Investing In Gold Does It Still Work?

Investing in gold

Have you ever heard the expression, not everything that glitters is gold?

That’s something that can certainly apply to investing, as every day, most of us are touted with claims of the latest, best investments, everything from commodities to art are investable. The question is, should we still consider gold as a worthwhile or needed investment?

There was a time when owning gold was limited to physical possession, but those days are long in the past. Today there are mining stocks, gold funds, commodities, coins, jewelry, coins, and bullion. The options are wide and varied, but the question is, what is the purpose of gold and is it needed in today’s world?

Two Schools of Thought

There are always disagreements concerning investments, that’s a constant and crosses all boundaries of trading, particularly gold investing.

School of Thought #1

This group believes gold is an archaic relic and has no place in modern financial infrastructure. They argue that today, we use paper and electronic currency, and the need for gold has diminished, only being useful for jewelry and selected scientific needs.

School of Thought #2

On the opposite side of the equation are the investors who, while believing in diversification, also believe that gold has intrinsic value, and should be part of any savvy investor’s portfolio and gold, as a traditional investment, is far more conventional than something like baseball cards!

In this article, we’ll focus on…

  • Does gold have a place in today’s financial markets?
  • Why you should invest in gold
  • How to invest in gold

A Look Into the History of Gold

To gain a working knowledge of gold and decide if is a worthwhile investment, it’s wise to examine its roots.

Gold is elemental to the very fabric of our world, and while its history dates to the formation of our planet, its ornamental use dates to ancient Egypt, approximately 5,000 years ago. It was then that gold was used ornamentally by the Pharaohs and high priests of the day. However, it wasn’t until 560 BCE, that gold began to be used as currency. Merchants, who circulating and trading through a vast area, searched for a means of trade that would be a constant, no matter where their transactions occurred. Overtime, and likely over many heated discussions, the creation of gold coins, stamped with the empire’s seal were accepted as the standard for worldwide trade.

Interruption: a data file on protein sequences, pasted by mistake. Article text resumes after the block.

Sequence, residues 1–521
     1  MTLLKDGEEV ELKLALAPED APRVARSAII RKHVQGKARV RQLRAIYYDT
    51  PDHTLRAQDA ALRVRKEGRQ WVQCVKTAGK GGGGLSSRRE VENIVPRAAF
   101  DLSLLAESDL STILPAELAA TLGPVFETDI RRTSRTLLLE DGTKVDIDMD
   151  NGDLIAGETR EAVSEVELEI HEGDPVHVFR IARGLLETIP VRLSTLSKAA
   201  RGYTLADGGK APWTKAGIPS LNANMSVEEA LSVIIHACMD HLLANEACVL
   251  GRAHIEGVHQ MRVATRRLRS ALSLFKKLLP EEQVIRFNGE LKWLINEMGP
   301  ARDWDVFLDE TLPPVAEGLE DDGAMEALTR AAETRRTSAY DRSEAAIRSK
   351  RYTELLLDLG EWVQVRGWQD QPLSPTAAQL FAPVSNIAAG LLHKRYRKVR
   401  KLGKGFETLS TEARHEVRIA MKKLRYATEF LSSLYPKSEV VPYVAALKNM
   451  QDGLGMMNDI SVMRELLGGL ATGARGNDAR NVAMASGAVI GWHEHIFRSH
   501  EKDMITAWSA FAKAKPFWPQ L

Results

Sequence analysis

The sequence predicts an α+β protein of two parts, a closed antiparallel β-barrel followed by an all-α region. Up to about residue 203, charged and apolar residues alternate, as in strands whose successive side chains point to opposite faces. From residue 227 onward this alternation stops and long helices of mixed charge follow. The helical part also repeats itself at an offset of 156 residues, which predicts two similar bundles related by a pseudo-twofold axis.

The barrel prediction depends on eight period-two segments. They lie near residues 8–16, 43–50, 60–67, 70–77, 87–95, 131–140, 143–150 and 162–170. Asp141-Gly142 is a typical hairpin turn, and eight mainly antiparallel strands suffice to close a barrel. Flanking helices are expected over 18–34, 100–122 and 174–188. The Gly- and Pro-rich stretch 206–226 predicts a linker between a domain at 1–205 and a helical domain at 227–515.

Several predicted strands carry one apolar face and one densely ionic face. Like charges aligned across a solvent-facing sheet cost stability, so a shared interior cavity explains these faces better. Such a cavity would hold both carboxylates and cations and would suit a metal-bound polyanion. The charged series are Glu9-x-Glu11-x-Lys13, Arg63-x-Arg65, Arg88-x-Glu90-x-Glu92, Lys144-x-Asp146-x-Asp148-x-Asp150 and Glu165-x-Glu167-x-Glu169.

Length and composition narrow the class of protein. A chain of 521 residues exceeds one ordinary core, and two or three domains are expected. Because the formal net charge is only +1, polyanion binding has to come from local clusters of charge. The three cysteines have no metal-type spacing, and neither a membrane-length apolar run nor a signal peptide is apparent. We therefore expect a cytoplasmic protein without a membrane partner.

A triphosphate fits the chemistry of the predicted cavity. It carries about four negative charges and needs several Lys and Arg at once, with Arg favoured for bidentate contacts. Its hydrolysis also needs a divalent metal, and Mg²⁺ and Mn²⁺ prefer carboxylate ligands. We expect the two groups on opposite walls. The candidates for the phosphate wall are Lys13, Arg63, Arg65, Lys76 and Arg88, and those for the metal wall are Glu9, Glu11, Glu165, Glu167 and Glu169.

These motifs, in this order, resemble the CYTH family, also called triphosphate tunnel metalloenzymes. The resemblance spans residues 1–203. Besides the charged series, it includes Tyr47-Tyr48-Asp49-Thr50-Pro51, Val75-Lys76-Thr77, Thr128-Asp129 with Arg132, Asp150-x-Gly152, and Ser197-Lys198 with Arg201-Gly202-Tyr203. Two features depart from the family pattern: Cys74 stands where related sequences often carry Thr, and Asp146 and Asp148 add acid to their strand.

This meant that a gold coin in Rome, was equal to a gold coin in Greece, or any outlying areas, it became the accepted method of commerce. When this happened, the acquisition of gold began inn earnest and spread through the known world of the era, such as Rome, Greece, and Africa. Time marched forward and in 1066, Great Britain, created their form of precious metal based currency with a British pound symbolized a pound of sterling silver. The Smaller denomination, such as shillings and pence stood for the amount of gold or silver they represented. Over time, gold began to represent wealth through all of Europe, moving into Asia, Africa and then America.

Within decades after the United States of America was declared independent, they continued the gold standard with the creation of a bimetallic standard. In essence, it stated that every unit of currency was backed by a measure of gold or silver.

Of course, things changed and this method of exchanged evolved with the times. In the 1900’s world events would influence gold and lead it out of the monetary system. 1913 marked the creation of the Federal Reserve, who began issuing promissory notes (today’s paper money). These notes were a promise by the government that those notes could be exchanged for gold, on demand. Change continued, It’s inevitable, and 1934 marked the introduction of the Gold Reserve Act, actually stating that the U.S. government held title to all gold coins. This mandate marked the end of minting new gold coins, ushering in an era with the idea that gold coins, were no longer the preferred method of exchanging money. In 1971 the United States ended the gold standard stating the currency was no longer backed by gold.